The last few years have seen Brooklyn's wayward anomaly Animal Collective dropped into the musical petri dish multiple times, doused with whatever was lying around beneath the kitchen sink and mutating at an accelerated pace. They have migrated from lysergically laced experimental arrangements toward more accessible folk and pop influences, emphasized in the abundant employ of processed vocals and harmonies. Their latest CD, Sung Tongs, is a full, rich work of interwoven voice and acoustic guitar strewn with smatterings of Brazilian rhythms and broken hip-hop beats, as well as a boundless sense of play evidenced by the studio-as-laboratory engineering.
Animal Collective's folk leanings shouldn't be misunderstood as being any sort of vapid granola trend, as all the signposts pointing to their current, digitally fractured sound have been present and alive on the group's previous recordings. As member Brian Weitz (or "Geologist," as he's known in the band) says, "That's just what we were exploring for a period of time, and I'm sure we'll come back to it again, but hopefully differently. We've always loved acoustic music, but we don't have any interest in doing the folk-revival thing. I don't understand why people put us in that group of musicians. Maybe it's the presence of acoustic guitars, or because we like Vashti Bunyan and worked with her, but I don't think the song structures are traditional in any way on records like Campfire Songs or Sung Tongs. Right now our music is mostly electric."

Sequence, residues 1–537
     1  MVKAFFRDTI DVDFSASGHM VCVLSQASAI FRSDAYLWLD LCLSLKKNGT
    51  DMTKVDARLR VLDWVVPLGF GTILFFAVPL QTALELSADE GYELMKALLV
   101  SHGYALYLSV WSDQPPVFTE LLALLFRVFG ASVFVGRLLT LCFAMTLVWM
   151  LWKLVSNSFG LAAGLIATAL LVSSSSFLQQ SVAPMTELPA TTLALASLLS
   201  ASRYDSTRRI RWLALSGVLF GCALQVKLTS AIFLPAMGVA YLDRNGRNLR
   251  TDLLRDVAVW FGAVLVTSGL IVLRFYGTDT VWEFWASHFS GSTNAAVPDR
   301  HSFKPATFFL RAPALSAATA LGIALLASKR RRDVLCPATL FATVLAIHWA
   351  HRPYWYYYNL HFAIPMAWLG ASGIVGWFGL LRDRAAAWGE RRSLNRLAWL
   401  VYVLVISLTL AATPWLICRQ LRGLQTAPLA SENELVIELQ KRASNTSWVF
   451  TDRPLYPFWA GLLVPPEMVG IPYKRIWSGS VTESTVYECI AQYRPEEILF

When asked if there is a shamanistic element to their music (which one could easily assume, given the group's, um, animal tendencies, not to mention the bunny and turtle suits), he explains, "We're very connected to nature on a personal and unconscious level. We have been ever since we were kids. It's definitely a common bond we share. I think this intuitive love of nature makes us drawn to shamanism. We're conscious of it, but it's because we believe that it's the right way for us to express ourselves. It's not conscious in a gimmicky way."
In fact, there is little at all obvious, or worse, gimmicky, about the music. It teeters gingerly between darling postures composed of awkward pastoral romanticism on the one hand, and on the other risks embracing psychedelic oddness for its own sake. While their latest effort does take a firm step in a more conventional direction, Sung Tongs is more confounding because of the impossibility of eluding attempts at driving a categorical stake through its beating heart. Animal Collective manages not to fall to either side of the equation, choosing instead to give credence to both the conventional and the profound in equal measure.
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